Standard Interpretations - Table of Contents|
| Standard Number:||1910.1030; 1910.1030(f)(3)(iii)(B)|
July 16, 2008
Ms. Nicole Lepore
National Healthcare Compliance Consultant
6342 Forest Hill Blvd., Suite 205
West Palm Beach, FL 38120
Dear Ms. Lepore:
Thank you for your April 17, 2008 letter to the Occupational Safety and Health Administration (OSHA). Your letter was forwarded to the Directorate of Enforcement Programs (DEP) for a response. This letter constitutes OSHA's interpretation only of the requirements discussed and may not be applicable to any question not delineated within your original correspondence. For clarification, your specific question is paraphrased below, followed by OSHA's response.
Background: OSHA's Occupational Exposure to Bloodborne Pathogens standard addresses the requirement for blood testing as part of a post exposure evaluation at 29 CFR 1910.1030(f)(3)(iii)(B). The standard states: "If the employee consents to baseline blood collection, but does not give consent at that time for HIV serologic testing, the sample shall be preserved for at least 90 days. If, within 90 days of the exposure incident, the employee elects to have the baseline sample tested, such testing shall be done as soon as feasible" (boldface added).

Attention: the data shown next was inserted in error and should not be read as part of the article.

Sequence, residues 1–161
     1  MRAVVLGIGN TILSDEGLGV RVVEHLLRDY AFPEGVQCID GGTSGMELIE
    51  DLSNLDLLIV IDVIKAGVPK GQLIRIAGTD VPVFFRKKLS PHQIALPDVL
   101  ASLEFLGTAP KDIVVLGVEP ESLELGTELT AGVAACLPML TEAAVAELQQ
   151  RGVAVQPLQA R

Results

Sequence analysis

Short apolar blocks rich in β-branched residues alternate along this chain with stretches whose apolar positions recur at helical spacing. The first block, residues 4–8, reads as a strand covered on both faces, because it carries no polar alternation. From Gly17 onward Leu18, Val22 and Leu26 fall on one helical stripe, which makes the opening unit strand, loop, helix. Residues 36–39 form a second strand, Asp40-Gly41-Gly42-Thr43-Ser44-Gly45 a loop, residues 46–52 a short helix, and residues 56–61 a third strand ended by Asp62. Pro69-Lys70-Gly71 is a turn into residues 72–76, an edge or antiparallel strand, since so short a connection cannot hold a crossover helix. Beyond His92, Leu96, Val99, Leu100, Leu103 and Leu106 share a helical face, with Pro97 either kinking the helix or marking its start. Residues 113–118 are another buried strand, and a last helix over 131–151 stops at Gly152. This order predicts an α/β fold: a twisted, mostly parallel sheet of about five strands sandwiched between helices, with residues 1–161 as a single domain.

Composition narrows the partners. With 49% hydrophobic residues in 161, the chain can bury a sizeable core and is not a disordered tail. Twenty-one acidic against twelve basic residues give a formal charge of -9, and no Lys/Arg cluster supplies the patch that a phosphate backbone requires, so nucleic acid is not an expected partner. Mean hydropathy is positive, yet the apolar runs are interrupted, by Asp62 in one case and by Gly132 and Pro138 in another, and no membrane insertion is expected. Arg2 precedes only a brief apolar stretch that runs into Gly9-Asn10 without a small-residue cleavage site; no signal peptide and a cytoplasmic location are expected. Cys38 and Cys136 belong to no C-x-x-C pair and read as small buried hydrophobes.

Question: It is our experience that laboratories will typically only store a blood sample for 7-30 days. Following a work-related bloodborne pathogens exposure incident, if an employee consents to baseline blood collection, but does not give consent at that time for HIV serologic testing, is it permissible for the employer to have the employee sign a consent verifying their understanding of the lab's procedure of the 30-day storage time frame?
Reply: No, an employer may not have employees sign a consent form waiving the right to have untested baseline blood maintained for the minimum time limitation